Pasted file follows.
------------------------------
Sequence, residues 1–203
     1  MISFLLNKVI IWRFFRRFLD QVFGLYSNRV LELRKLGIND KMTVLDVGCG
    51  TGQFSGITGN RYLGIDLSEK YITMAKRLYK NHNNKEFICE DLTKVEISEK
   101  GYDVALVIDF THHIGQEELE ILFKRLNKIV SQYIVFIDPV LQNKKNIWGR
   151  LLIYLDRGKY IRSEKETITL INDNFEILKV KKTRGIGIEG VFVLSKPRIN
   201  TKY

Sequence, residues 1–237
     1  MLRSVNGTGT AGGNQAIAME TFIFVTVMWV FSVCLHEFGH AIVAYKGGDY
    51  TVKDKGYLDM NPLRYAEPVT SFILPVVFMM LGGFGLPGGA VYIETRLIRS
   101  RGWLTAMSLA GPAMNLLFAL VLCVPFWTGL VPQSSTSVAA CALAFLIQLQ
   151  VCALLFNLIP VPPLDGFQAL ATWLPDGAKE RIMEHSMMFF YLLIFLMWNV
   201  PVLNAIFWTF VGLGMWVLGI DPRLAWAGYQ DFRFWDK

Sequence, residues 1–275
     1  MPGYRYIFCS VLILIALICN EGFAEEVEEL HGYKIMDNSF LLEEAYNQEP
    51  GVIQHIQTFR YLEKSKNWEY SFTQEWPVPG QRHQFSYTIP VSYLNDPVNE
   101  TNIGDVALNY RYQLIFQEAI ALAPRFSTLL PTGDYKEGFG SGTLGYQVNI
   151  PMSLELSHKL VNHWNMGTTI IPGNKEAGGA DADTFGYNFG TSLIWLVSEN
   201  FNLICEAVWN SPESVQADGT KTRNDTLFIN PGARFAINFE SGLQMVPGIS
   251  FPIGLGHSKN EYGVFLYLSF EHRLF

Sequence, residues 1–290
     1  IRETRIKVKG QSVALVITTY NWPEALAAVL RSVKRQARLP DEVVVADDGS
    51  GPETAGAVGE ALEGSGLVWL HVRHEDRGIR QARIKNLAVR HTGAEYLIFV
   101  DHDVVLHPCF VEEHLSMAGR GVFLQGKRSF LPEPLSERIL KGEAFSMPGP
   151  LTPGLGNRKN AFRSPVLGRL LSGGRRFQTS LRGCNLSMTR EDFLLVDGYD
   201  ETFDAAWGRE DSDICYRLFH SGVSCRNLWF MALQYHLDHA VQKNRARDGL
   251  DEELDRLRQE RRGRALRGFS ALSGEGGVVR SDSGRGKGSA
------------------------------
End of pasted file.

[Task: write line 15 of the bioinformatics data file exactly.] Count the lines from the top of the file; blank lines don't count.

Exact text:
    51  GVIQHIQTFR YLEKSKNWEY SFTQEWPVPG QRHQFSYTIP VSYLNDPVNE